Spanish Revolution of 1868 Summary

  • Last updated on November 10, 2022

Spain’s 1868 revolution overthrew the monarchy to install a short-lived republican government in a transformation that brought to the surface the divisive influences of regionalism and demonstrated the continuing importance of the army.

Summary of Event

The duke of Aosta entering Madrid, where he was welcomed as King Amadeo.

(Francis R. Niglutsch)

Isabella’s reign as queen of Spain began with a war of succession and ended in a coup. From 1833, when she ascended the throne at the age of three, with her mother as regent, she was challenged by her uncle, Prince Carlos, who waged a five-year war to unseat her. Aided by the people of the northern province of Navarre and Roman Catholics Spain;Roman Catholics Roman Catholics;in Spain[Spain] who hated the liberal constitution Constitutions;Spanish Spain;constitutions of 1812, which had been restored, Don Carlos and twelve thousand soldiers attacked Madrid Madrid in 1837. During that same year, a new constitution was promulgated recognizing Roman Catholicism as the faith of all Spaniards. The combination of political compromise and military defeats led Don Carlos to withdraw. In 1843, the Cortes declared thirteen-year-old Isabella of age to rule. Spanish Revolution of 1868 Spain;Revolution of 1868 Isabella II Carlos, Don [kw]Spanish Revolution of 1868 (Sept. 30, 1868) [kw]Revolution of 1868, Spanish (Sept. 30, 1868) [kw]1868, Spanish Revolution of (Sept. 30, 1868) Spanish Revolution of 1868 Spain;Revolution of 1868 Isabella II Carlos, Don [g]Spain;Sept. 30, 1868: Spanish Revolution of 1868[4230] [c]Government and politics;Sept. 30, 1868: Spanish Revolution of 1868[4230] [c]Wars, uprisings, and civil unrest;Sept. 30, 1868: Spanish Revolution of 1868[4230] Amadeo O’Donnell, Leopoldo Pi y Margall, Francisco Prim y Prats, Juan Ruíz Zorrilla, Manuel Serrano y Domínguez, Francisco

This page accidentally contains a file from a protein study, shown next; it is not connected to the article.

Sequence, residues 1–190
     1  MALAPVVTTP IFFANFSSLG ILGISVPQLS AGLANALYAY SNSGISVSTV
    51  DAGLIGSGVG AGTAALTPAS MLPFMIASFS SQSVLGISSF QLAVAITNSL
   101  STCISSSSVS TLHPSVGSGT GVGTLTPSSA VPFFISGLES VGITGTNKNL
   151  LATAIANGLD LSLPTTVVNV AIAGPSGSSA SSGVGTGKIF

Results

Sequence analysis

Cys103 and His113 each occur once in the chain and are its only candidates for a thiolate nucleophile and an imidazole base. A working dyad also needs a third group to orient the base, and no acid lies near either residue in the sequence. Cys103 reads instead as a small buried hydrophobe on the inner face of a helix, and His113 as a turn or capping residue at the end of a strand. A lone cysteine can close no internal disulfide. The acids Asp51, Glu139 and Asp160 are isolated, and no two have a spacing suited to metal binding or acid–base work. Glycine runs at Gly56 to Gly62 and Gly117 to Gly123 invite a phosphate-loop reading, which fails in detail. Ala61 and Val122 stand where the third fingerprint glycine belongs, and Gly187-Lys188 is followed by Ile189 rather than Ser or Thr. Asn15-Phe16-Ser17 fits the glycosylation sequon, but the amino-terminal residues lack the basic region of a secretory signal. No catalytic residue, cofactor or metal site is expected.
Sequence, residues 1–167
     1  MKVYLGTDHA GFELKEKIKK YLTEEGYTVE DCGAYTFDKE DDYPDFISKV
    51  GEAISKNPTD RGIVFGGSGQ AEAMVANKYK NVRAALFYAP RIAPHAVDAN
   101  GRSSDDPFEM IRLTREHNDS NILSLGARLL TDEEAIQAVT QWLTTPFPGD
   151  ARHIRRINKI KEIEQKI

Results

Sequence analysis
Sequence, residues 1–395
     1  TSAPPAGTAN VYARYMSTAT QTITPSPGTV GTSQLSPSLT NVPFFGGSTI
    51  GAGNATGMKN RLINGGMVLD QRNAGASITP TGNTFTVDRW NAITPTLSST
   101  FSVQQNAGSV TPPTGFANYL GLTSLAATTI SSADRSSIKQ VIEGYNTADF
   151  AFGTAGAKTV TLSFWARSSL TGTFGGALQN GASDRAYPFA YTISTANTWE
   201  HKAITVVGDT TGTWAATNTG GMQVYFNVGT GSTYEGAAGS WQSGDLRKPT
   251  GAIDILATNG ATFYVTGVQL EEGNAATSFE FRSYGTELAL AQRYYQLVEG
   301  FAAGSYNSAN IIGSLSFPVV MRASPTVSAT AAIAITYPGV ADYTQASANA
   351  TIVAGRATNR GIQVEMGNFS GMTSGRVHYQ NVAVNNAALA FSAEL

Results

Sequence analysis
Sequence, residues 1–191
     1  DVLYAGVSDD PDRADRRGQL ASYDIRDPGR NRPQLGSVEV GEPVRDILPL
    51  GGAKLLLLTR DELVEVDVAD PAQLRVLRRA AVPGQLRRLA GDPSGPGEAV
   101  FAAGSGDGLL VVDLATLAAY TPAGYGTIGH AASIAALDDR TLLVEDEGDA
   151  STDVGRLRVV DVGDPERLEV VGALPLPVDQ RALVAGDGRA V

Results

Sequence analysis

Isabella reigned during one of the most chaotic periods of Spanish history. The mid-nineteenth century saw violent swings between forces of change and reactionary traditionalism. Liberal land reforms, the beginnings of the industrial revolution and an industrial working class, the growth of regionalist sentiments, and passionate conflicts over the role of the Church all occurred during her reign. Moreover, Isabella herself was responsible for many of Spain’s problems.

Isabella was an avaricious woman, subject to her passions, who made and unmade ministers at will. Her reign saw many and varied palace intrigues, and many of her closest advisers were Carlists—supporters of Don Carlos. Isabella often relied on the military and its leaders, especially General Leopoldo O’Donnell, O’Donnell, Leopoldo to maintain her power. By the late 1860’s, most Spanish politicians had come to believe that Isabella was a hindrance to progress in Spain and that overthrow of the Bourbon Dynasty Bourbon dynasties;Spanish Spain;Bourbon Dynasty , which she represented, would solve many problems.

A revolutionary coalition formed with the aim of deposing Isabella and calling a representative Cortes, or parliament, to create an alternative form of government. The instigators of this coalition were General Francisco Serrano y Domínguez, Serrano y Domínguez, Francisco who took over as the leader of the conservative Liberal Union after General O’Donnell’s death in 1867, and General Juan Prim y Prats, Prim y Prats, Juan marqués de los Castillejos, leader of the liberal Progressive Party. With the help of army and navy leaders, they forced Isabella to abdicate in September, 1868.

In 1869, a representative Cortes framed a new constitution Constitutions;Spanish Spain;constitutions making Spain a constitutional monarchy with universal suffrage and a bill of rights. The Spanish Bourbons Bourbon dynasties;Spanish Spain;Bourbon Dynasty were to be excluded from the throne, and a regency was to be formed until a suitable monarch could be found. Serrano became the regent and Prim the prime minister of this new government. Meanwhile, the search for a monarch revealed a new political group, the Republicans. Dominated by Francisco Pi y Margall Pi y Margall, Francisco , the Spanish Republicans were extreme federalists, anticlericals, and antimilitarists. They appealed to the substantial number of Spaniards who favored provincial rights over control by the central government. Furthermore, their reform program was attractive to many.